The season’s first winter storm dropped only an inch or so of snow in Winston-Salem, but the snow that did fall was “well protected under a layer of sleet and ice,” according to Dale Hester, traffic maintenance supervisor in the Winston-Salem Transportation Department.

The city hit the streets in the early morning hours with 25 trucks equipped with both plows and salt spreaders, five graders and three other trucks with plows only, and the result of their efforts could be experienced by drivers who found many roads easily passable this morning.

Still, officials were counting on the “three S’s” – salt, sun and temperature – to finish the work they had started.

The National Weather Service had predicted three to five inches of snow for Winston-Salem and surrounding areas, but Hester said that the frozen stuff stopped falling between 2 and 3 a.m. That’s when the city’s fleet went to work to clear as many roads as possible before the morning commute.

Hester said that brine was used initially on streets in the central business district downtown, until dropping temperatures made that less effective. The crews then switched to plows downtown and reported good progress on clearing the streets.

“We have done a good job hitting the major streets,” Hester said in an email update he sent in at 7:30 a.m. “We still have a long way to go, but considering the amount and type of precipitation we have made excellent progress.”

Hester said First through Fifth streets downtown were clear and that First Street out to Five Points looked good too. Hester took Reynolda Road to Coliseum Drive and drove over to Patterson Avenue and found those streets in good shape as well, and Patterson heading downtown looked good too.

Stratford Road and Hawthorne Avenue near Forsyth Hospital were in good shape.

County Manager Dudley Watts said the county's general services crew was able to make county facilities accessible this morning. Forsyth County government typically does not close for inclement weather.

"It's a skeleton crew, because a lot of people stayed home out of concern ... but we're open," Watts said.

Scott Angell, Forsyth County's general services director, said Monday that workers would be on call overnight to start clearing county parking lots.

Drivers on the interstates and road like U.S. 52 had no problems, thanks to efforts by state road crews. Meanwhile, in town Hester said that crews were hoping to work into many of the residential areas this morning.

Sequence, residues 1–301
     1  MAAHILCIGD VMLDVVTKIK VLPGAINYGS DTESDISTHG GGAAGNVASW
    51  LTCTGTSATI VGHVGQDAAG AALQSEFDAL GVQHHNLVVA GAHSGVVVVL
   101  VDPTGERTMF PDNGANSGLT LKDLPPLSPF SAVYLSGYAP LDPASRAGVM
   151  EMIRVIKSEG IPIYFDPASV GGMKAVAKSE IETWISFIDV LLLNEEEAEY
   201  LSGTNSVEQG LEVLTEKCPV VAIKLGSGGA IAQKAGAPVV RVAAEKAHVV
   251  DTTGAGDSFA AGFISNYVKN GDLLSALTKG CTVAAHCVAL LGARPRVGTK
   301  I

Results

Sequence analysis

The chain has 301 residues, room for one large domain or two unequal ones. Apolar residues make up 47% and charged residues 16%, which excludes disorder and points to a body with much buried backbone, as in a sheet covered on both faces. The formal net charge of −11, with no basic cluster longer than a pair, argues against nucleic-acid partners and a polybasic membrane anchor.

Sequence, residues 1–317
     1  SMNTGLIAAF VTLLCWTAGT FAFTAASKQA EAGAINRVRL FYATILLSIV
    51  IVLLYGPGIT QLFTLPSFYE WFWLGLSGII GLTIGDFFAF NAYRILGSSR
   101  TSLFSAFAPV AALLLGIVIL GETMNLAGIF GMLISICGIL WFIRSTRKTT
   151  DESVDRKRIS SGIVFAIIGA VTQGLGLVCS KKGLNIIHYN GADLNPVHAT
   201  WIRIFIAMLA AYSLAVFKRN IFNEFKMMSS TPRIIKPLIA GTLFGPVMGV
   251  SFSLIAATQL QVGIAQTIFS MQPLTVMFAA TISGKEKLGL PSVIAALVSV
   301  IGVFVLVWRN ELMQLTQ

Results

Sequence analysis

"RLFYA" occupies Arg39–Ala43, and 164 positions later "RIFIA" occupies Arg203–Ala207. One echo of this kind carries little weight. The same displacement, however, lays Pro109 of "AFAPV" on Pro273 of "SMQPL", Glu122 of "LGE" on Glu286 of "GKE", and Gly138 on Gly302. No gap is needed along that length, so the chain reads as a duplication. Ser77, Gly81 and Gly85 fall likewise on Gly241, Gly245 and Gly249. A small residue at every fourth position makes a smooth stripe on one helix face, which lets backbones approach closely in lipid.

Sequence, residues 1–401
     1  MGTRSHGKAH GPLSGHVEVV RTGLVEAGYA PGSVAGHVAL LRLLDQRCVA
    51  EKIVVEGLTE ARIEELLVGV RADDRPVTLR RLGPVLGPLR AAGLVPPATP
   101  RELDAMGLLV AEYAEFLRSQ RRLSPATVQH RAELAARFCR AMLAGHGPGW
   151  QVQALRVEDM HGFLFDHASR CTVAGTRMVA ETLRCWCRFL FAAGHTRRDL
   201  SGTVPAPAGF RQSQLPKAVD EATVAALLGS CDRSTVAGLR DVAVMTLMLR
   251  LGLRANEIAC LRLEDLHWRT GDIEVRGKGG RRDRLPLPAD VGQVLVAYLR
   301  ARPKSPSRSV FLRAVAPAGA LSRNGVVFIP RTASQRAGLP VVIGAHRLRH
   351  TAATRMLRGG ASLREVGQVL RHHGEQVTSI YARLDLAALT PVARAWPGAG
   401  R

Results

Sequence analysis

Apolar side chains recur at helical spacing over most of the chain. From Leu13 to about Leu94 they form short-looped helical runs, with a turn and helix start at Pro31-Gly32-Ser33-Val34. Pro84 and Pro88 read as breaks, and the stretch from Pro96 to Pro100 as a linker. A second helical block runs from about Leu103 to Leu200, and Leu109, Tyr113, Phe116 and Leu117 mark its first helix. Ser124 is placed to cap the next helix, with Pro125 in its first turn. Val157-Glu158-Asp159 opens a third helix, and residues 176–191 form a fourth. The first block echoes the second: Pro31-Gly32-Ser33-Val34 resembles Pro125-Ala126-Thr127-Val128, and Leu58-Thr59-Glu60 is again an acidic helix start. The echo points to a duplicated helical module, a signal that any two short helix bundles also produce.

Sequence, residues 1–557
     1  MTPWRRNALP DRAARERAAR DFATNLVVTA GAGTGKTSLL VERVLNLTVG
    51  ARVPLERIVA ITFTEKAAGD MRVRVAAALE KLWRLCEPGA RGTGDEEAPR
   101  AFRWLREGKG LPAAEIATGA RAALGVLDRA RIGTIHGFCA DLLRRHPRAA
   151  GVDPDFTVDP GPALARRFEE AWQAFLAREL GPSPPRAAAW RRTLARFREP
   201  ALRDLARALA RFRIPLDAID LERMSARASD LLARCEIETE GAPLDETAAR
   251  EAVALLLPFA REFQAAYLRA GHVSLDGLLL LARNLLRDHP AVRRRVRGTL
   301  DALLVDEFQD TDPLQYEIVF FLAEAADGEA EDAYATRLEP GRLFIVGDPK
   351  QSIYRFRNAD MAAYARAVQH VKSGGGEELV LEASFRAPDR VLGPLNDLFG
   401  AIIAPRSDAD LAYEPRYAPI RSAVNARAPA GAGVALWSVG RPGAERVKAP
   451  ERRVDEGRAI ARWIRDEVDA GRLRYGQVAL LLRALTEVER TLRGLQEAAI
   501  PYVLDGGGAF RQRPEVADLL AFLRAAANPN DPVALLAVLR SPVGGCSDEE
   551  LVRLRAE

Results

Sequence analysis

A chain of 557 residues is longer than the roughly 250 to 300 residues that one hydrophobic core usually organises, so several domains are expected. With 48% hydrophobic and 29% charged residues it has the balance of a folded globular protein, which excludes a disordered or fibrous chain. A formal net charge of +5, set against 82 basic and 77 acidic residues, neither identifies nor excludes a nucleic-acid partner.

“Be safe if you need to travel the streets today,” he said. “Our advice to motorists is that if you don’t need to go out, don’t, but if you do, use caution and travel and low speeds. Just because it’s clear doesn’t mean it isn’t slick. What melts today will freeze later tonight, increasing the potential for black ice.”

The winter storm warning for the Triad was cancelled at 9 a.m. this morning – a few hours ahead of schedule. Public schools were off because of the storm and there were widespread cancellations.

The snow started falling almost on schedule Monday, arriving just before the predicted 4 p.m. start of the storm here. Streets were quickly glazed in white. The city’s emergency personnel reported about 30 wrecks within the first two hours, some involving minor injuries.

Traffic was backed up in places as people made their way home, and Marshall Street coming south into downtown was closed off at one point because cars were getting halfway up the hill before spinning to a stop. Police closed off the street and had drivers go back down to find another route.

The N.C. Highway Patrol reported many accident-related accidents, and Piedmont Triad International Airport experienced cancellations and delays because of the storm.

Authorities said the area is not out of the woods because bitterly cold winds are the next thing up: After a low of 18 tonight, the thermometer will plunge to five degrees Wednesday night and two degrees Thursday, with the high on Thursday not even topping 20 degrees and staying below freezing until Saturday.


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